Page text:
SAN DIEGO (AP) — Rescuers were battling heavy snow Wednesday to reach a Marine Corps helicopter carrying five troops that went down in a mountainous area outside San Diego.
The CH-53E Super Stallion helicopter — the largest helicopter in the military, designed to fly in harsh conditions — had gone missing as an historic storm dumped heavy snow and record rain over California.
Civilian authorities searching on ground and by air located the aircraft just after 9 a.m. Wednesday near the mountain community of Pine Valley, about a 45-mile (72-kilometer) drive from San Diego, but rescue crews said snowy conditions were making access challenging on the ground, officials said.
The last known contact with the helicopter was at about 11:30 p.m. Tuesday, Cal Fire’s spokesperson Mike Cornette told CBS 8 news. That location was based on a “ping” reported to a Cal Fire dispatch center. The agency sent several engines and an ambulance to the area overnight.
The Marines were flying a CH-53E Super Stallion helicopter from Creech Air Force Base, northwest of Las Vegas, where they had been doing unit-level training and were returning home to Marine Corps Air Station Miramar in San Diego, defense officials said.
It was not immediately known what time the helicopter left Creech nor what time they were due to arrive. Waves of heavy downpours hit the area throughout the night and heavy snow fell in the area’s mountains. Cal Fire officials said the military helicopter was reported missing in the area north of Interstate 8 and Kitchen Creek Road, located southeast of Pine Valley, in the Cuyamaca Mountains. The area’s highest peak is more than 6,500 feet (1,981 meters).
The five U.S. Marines were assigned to Marine Heavy Helicopter Squadron 361, Marine Aircraft Group 16, 3rd Marine Aircraft Wing at Miramar, the Marine Corps said in a statement.
The San Diego County Sheriff’s Department said it was notified at 1 a.m. that the craft was overdue for arrival at Miramar and was last seen in the area of Pine Valley near the Cleveland National Forest.
Heavy snowfall Wednesday in the sparsely populated mountains, which are covered in pine trees and thick brush, was making access to the area challenging, the California Department of Forestry and Fire Protection, known as Cal Fire, said in a statement on X, formerly known as Twitter. The agency said it requested additional resources and was coordinating with the military, the U.S. Forest Service, U.S. Border Patrol, San Diego sheriff’s department and the state Civil Air Patrol.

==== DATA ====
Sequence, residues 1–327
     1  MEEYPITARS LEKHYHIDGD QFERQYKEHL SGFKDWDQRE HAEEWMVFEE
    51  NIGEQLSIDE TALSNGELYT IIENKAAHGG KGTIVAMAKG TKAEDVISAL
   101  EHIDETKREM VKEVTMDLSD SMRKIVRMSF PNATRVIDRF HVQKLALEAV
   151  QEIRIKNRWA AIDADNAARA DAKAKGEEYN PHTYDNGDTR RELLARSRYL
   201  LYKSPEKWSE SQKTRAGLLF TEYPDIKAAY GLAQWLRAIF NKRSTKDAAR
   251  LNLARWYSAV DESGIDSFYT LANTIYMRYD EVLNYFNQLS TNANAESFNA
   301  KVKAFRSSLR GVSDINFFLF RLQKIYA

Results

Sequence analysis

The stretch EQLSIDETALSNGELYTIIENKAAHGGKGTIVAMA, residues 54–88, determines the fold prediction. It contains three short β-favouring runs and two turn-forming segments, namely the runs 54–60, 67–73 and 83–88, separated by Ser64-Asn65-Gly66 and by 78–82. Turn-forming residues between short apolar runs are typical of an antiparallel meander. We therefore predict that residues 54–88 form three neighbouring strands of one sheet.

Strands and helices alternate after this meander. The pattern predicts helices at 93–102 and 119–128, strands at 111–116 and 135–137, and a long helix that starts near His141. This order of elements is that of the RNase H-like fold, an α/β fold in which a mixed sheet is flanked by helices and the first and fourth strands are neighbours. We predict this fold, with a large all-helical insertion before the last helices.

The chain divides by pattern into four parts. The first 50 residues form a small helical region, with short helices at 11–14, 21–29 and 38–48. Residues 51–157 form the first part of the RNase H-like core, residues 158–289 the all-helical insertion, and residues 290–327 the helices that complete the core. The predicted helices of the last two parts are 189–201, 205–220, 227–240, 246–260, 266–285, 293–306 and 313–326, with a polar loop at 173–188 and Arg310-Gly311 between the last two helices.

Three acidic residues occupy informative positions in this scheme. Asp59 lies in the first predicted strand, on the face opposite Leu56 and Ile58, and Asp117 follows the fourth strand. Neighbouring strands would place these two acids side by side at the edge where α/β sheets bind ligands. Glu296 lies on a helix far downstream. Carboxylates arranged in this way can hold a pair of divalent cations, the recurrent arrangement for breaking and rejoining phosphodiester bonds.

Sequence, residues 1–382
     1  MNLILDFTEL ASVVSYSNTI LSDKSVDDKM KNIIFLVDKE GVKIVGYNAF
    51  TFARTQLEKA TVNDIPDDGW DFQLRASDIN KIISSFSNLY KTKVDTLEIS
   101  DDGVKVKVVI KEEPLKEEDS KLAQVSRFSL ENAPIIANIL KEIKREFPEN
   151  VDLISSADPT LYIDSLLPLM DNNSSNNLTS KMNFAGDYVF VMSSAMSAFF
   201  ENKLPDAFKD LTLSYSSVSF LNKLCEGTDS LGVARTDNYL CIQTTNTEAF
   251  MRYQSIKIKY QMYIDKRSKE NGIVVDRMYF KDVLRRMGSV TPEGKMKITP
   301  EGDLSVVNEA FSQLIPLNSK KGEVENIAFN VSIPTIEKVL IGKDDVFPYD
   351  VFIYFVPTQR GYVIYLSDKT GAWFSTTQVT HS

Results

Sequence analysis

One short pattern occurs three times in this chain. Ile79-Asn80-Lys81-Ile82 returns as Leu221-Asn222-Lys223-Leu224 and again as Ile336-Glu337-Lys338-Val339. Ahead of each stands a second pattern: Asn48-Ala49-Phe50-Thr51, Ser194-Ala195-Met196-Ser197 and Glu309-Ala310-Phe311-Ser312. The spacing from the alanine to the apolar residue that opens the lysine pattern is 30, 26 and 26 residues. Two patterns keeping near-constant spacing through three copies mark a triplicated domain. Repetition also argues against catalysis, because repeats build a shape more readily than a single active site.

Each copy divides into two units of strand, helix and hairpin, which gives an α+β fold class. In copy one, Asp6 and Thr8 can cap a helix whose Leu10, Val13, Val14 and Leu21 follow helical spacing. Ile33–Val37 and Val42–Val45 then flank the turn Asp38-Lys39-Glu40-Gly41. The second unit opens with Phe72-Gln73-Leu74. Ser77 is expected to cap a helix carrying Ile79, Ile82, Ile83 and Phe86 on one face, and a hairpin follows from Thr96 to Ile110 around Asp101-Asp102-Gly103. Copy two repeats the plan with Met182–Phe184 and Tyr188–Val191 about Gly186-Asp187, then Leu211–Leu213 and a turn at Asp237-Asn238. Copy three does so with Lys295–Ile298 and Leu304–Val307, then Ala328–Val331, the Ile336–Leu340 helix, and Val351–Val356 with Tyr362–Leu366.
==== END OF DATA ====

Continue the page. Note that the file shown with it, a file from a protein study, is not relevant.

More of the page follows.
“We experienced some rugged terrain,” Cal Fire spokesperson Mike Cornette told KUSI-TV earlier. “We experienced snow, muddy conditions. We got out on foot and tried to search the area as best as we could this morning, and we weren’t able to find anything.”
The Cleveland National Forest covers 720 square miles (1,860 square kilometers) and many parts of its steep, rocky mountains have limited trails.
The National Weather Service in San Diego called for 6 to 10 inches (15 to 25 centimeters) of snow in the mountains above 5,000 feet (1,524 meters) and gusty winds late Wednesday. On Tuesday afternoon a tornado warning was issued but quickly canceled with the weather service saying the storm was not capable of forming a twister.
President Joe Biden was briefed on the missing Marines, said White House press secretary Karine Jean-Pierre, who answered questions as the president flew to New York City for campaign fundraisers.
“We’re watching this closely and again our thoughts are for the best,” National Security Council spokesperson John Kirby said.
About 99 feet (30 meters) long, the CH-53E Super Stallion can move troops and equipment over rugged terrain in bad weather, including at night, according to the Marine Corps website. It is also nicknamed the “hurricane maker” because of the amount of downwash generated from its three engines.
Two CH-53E helicopters were used in the civil war-torn capital of Mogadishu, Somalia, in January 1990 to rescue American and foreign allies from the U.S. embassy.
Baldor reported from Washington. Associated Press writer John Antczak in Los Angeles contributed to this report.